In any event, signing Tex gives the Sox substantial insurance at the following positions:
    1. 3B, if Lowell’s still hurt.
    2. DH, if Papi goes down again.
    3. CF, if Ellsbury doesn’t pan out.
    4. RF, if Drew gets hurt.
    5. LF, if Bay doesn’t pan out.
    In short, thanks to Youk’s extreme versatility, and Bay’s/Drew’s ability to shift to CF, the Sox’s signing of Tex would not merely bring a fantastic young bat to the team, but could also hedge against five completely plausible and substantial 2009 risks. (Four of which haunted the Sox through 2007 or 2008.)

    Adam December 3, 2008, 11:09 am
  • Ouch, that hurt. Matty, I recommend you try giving it more than just one chance. Honestly, I am befuddled why you think the content is lacking. You’re the first to say something like that. Everyone else loves the structure, the tone, the opinion/analysis…

    Evan Brunell December 3, 2008, 11:28 am
  • “The fact remains that while first is not the problem, the Red Sox’ lineup IS a problem.”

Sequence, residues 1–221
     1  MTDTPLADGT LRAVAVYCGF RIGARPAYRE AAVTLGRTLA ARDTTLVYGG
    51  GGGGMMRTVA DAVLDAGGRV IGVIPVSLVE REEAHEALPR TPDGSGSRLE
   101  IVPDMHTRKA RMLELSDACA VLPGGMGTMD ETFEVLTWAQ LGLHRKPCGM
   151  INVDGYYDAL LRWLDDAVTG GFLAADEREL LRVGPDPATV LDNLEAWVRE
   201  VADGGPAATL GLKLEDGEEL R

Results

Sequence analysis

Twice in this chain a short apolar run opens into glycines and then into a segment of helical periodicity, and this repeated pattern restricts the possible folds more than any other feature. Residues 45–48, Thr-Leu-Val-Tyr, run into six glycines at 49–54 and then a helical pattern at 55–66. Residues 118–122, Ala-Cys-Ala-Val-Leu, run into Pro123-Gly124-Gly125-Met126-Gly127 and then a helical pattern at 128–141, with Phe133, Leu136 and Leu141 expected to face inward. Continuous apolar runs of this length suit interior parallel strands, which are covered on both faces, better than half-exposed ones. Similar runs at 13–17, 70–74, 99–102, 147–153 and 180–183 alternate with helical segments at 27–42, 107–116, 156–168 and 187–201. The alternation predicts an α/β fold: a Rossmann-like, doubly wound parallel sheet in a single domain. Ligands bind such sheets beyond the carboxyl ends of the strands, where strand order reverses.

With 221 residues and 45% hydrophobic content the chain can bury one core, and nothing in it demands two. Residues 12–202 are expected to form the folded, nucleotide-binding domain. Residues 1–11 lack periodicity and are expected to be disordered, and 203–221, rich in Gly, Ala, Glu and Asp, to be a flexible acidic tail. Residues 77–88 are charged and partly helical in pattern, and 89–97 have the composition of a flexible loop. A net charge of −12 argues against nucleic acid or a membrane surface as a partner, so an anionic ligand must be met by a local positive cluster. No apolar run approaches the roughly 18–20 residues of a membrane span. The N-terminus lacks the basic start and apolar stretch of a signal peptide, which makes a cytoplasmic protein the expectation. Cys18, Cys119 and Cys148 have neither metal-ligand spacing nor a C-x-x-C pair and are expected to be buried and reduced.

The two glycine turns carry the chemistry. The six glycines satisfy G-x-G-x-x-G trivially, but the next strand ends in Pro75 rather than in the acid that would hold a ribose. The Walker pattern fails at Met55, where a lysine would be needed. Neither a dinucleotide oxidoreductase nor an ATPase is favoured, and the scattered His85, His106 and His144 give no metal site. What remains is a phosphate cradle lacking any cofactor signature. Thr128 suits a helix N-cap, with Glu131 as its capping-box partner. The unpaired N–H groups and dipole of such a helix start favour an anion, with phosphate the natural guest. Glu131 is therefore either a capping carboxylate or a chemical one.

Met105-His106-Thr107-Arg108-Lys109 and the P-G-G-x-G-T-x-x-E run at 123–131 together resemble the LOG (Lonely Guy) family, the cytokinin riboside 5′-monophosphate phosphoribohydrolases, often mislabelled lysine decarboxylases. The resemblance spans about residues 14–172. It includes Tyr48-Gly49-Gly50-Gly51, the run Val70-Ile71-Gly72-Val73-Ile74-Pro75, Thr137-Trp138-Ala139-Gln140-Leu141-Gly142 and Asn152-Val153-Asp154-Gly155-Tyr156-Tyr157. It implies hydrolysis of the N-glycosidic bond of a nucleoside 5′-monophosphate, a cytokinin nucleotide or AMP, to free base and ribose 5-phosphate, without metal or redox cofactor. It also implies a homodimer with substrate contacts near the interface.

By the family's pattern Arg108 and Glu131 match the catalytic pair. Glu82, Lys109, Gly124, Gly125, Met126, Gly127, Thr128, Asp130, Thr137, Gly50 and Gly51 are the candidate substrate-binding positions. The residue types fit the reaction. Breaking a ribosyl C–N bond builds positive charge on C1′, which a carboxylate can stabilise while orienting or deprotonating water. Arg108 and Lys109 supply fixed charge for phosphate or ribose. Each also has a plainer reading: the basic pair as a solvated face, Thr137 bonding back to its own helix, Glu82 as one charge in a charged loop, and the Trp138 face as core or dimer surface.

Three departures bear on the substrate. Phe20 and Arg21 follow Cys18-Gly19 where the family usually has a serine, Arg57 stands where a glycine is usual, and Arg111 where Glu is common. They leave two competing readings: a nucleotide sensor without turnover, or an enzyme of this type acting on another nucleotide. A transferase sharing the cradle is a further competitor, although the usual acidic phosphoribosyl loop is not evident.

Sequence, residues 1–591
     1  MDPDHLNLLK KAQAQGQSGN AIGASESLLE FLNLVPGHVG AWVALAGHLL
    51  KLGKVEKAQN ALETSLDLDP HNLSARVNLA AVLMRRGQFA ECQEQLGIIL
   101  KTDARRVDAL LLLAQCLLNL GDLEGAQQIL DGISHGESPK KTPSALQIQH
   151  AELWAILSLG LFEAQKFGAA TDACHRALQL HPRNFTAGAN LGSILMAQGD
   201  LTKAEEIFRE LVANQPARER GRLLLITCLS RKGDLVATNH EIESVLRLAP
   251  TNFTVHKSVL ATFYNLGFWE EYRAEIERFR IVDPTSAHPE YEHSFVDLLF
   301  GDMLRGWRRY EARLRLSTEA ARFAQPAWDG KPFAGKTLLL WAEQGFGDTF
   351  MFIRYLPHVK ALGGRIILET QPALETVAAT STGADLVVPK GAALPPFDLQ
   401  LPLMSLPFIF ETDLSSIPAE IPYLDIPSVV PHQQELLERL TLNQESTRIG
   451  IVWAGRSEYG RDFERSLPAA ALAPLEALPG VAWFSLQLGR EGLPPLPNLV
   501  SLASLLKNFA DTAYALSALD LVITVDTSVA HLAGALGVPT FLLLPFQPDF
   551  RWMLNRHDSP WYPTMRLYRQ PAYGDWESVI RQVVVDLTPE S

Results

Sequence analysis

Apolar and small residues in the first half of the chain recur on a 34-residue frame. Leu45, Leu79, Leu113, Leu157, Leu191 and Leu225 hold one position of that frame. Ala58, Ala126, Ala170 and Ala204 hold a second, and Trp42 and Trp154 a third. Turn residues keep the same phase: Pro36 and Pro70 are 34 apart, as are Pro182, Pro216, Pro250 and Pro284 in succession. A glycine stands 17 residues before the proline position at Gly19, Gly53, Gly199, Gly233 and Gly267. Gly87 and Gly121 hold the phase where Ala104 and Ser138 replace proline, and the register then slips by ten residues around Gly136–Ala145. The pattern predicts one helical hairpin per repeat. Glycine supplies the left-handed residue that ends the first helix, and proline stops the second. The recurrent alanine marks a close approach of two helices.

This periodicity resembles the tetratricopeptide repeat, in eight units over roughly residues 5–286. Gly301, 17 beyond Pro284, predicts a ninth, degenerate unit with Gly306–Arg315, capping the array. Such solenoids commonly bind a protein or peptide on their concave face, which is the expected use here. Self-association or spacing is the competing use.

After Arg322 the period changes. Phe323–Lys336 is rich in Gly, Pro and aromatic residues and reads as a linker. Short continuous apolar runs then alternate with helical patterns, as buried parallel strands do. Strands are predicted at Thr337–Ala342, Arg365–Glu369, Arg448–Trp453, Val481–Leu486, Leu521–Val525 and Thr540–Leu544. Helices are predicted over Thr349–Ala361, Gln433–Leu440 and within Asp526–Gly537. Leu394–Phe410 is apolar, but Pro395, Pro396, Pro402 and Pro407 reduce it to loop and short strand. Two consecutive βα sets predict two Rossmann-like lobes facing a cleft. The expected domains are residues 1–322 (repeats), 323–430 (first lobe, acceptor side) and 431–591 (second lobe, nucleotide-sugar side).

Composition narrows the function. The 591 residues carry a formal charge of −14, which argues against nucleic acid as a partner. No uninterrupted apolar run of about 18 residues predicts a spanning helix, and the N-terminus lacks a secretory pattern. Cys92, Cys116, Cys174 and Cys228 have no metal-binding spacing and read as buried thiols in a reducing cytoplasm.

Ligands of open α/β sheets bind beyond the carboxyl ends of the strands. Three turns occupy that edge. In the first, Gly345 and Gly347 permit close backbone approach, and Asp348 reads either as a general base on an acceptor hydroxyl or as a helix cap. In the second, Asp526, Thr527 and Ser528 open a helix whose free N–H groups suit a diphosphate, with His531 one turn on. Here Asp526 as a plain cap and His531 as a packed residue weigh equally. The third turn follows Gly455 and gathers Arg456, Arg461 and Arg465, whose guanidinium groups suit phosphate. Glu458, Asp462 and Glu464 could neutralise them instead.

I don’t see how this is backed up. According to the 2009 Bill James Handbook, the Red Sox were 2nd in the AL in batting, second only to Texas in BA and OBP, and 3rd in SLG. They were also second in the AL in steals and doubles. Obviously, it would be nice to add power to the lineup, even with Ortiz likely better next year than last. We were 6th in the AL in home runs (though Fenway takes some away), and we weren’t great at hitting triples, either. Still, calling the lineup a problem is a bit of a stretch.

    Alfonzo December 3, 2008, 11:56 am
  • Adam, I think you are right – the Sox do need to hedge against possible offensive declines, but why pay a 150M premium? I have a tough time believing that John Henry is going to take on a liability that is about 10% of the value of his company for insurance purposes. A T-Rex signing should be the starting point to another huge move like trading Youkilis or Bay.

    El Guapo's Ghost December 3, 2008, 1:13 pm
  • A T-Rex signing should be the starting point to another huge move like trading Youkilis or Bay.
    Or Ortiz.
    Just Sayin.

    Brad December 3, 2008, 1:31 pm
  • “Adam, I think you are right – the Sox do need to hedge against possible offensive declines, but why pay a 150M premium?”
    Texeira isn’t the insurance policy. He’s signed on his own merits. Youk, Lowell, or Bay — i.e., the player that could be moved but that shouldn’t — is the insurance policy.

    Adam December 3, 2008, 1:43 pm
  • Even if Youk or Bay is considered insurance, $5-7.5M is still too much. Just because the Sox can afford to pay a backup that kind of money doesn’t make it prudent.